Do Muslims and Christians Worship The Same God? “And Ammon said: This is God.”

Foundation for Ethnic Understanding dialogue of imams and rabbis

Foundation for Ethnic Understanding dialogue of imams and rabbis. (Wikimedia Commons)

It’s not hard to disagree with this article. Of course Muslims and Christians worship differently, have different names and titles for “God” and perhaps believe differently in how God carries out His work. However, as a Mormon, I have been told and read often that I worship a “different god” as well by other “Christians”. Perhaps there is a better way to approach interfaith dialogue.

Peaking behind the curtain of who others worship, let’s look at the Muslim deity title “Allah”. Translated directly from Arabic it means “The God”. In fact, both Christian and Jewish Arabs used the term “Allah” for “God” well before the founding of Islam¹and still use it today!² It also comes from the same root as the Hebrew word “Elohim”. El was the Father God for the Canaanites and the God of the Mesopotamian Semites and the Israelites.

A great approach to interfaith discussion of God is found in The Book of Mormon, Alma chapter 18:

Now this was the tradition of Lamoni, which he had received from his father, that there was a Great Spirit. . .

18 . . . king Lamoni did open his mouth, and said unto him: Who art thou? Art thou that Great Spirit, who knows all things?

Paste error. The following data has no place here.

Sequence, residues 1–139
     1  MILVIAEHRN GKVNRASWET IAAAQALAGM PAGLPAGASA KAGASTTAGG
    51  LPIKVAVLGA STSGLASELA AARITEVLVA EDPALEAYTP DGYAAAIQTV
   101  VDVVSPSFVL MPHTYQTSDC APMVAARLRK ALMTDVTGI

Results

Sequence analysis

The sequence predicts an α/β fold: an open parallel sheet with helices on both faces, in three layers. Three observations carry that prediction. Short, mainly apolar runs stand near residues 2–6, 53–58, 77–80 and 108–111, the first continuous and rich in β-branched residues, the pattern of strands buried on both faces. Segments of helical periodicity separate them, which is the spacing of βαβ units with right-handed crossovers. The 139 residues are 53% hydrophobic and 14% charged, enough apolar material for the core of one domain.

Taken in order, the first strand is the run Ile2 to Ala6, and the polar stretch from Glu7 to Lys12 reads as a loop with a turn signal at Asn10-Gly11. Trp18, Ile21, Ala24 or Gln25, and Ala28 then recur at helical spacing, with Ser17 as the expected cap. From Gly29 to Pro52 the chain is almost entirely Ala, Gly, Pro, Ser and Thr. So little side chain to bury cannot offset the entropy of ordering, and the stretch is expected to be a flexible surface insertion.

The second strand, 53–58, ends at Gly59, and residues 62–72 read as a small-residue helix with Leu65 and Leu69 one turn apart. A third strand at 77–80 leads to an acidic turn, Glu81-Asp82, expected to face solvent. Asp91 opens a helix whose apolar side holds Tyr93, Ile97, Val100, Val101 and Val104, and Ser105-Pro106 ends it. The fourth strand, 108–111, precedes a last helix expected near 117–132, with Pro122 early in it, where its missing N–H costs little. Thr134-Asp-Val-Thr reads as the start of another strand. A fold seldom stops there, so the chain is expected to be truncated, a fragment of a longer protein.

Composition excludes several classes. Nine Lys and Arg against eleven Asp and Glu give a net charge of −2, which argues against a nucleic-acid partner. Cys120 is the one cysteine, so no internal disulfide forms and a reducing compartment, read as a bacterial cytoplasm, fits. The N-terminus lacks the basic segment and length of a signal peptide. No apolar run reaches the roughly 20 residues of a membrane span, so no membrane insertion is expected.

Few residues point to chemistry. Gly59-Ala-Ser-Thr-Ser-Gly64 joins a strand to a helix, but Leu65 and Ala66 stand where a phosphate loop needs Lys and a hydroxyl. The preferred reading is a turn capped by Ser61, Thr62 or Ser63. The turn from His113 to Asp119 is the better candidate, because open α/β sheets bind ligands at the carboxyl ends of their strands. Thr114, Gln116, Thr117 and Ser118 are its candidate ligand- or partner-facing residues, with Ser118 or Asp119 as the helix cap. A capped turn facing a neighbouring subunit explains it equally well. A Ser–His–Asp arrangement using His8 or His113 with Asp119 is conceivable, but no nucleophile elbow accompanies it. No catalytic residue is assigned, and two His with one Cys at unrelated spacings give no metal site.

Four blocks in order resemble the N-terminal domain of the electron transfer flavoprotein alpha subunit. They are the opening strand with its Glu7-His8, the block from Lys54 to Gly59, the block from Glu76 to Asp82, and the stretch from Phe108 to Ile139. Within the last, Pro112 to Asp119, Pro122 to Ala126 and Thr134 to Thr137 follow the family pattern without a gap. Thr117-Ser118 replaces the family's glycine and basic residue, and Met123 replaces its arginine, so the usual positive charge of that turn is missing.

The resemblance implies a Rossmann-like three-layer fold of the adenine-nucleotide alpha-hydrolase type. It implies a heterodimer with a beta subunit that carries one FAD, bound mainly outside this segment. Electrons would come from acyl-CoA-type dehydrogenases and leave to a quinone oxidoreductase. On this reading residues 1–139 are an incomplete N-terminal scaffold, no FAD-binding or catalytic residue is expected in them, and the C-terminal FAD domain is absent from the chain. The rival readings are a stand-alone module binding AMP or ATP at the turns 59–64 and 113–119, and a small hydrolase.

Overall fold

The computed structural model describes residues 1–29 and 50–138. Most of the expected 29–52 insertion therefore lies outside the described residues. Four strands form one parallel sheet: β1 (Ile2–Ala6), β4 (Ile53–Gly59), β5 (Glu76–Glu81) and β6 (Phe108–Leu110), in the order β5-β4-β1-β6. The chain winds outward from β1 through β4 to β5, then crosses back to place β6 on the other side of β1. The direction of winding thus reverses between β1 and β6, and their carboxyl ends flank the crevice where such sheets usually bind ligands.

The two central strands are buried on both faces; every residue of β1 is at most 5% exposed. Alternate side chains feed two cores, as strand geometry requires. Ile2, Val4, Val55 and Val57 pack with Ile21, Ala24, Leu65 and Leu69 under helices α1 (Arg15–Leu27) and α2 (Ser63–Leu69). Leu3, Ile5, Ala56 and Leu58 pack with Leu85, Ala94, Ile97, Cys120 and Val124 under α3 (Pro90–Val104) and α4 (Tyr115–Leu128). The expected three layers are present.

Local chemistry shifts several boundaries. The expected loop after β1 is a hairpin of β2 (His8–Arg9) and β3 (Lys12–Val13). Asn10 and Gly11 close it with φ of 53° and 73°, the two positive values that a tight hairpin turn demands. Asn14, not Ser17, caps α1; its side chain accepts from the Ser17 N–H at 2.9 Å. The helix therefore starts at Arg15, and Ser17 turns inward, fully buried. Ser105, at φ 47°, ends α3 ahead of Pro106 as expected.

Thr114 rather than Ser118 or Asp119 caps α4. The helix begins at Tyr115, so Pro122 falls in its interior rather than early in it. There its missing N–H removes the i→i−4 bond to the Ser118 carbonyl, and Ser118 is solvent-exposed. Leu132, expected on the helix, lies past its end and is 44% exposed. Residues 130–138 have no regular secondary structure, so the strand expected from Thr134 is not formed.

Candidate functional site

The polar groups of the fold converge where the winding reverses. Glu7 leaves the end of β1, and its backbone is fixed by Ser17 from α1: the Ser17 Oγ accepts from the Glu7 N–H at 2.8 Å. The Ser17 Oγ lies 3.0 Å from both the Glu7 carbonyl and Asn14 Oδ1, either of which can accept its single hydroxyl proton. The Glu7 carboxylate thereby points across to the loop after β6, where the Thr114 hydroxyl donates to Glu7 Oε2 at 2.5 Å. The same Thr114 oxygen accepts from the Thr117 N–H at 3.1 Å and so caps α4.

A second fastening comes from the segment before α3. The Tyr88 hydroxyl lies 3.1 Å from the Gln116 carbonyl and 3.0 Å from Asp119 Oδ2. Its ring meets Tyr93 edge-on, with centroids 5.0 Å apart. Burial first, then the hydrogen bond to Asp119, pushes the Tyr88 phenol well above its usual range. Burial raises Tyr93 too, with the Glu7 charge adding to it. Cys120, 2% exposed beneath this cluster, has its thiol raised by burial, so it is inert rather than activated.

24 [Ammon asks] . . .Believest thou that there is a God?

25 And he answered, and said unto him: I do not know what that meaneth.

26 And then Ammon said: Believest thou that there is a Great Spirit?

27 And he said, Yea.

28 And Ammon said: This is God.

 

Do Christians & Muslims Worship The Same God?- National Review

 

Other Links:

Alma 18

‘Allah’ is not a Pagan Term- It Means ‘God’

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  1. Rick Brown, Who was ‘Allah’ before Islam? Evidence that the term ‘Allah’ originated with Jewish and Christian Arabs (2007), page 8. “Allah.”  Encyclopædia Britannica, 2007
  2. Lewis, Bernard; Holt, P. M.; Holt, Peter R.; Lambton, Ann Katherine Swynford (1977). The Cambridge history of Islam. Cambridge, Eng: University Press. p. 32

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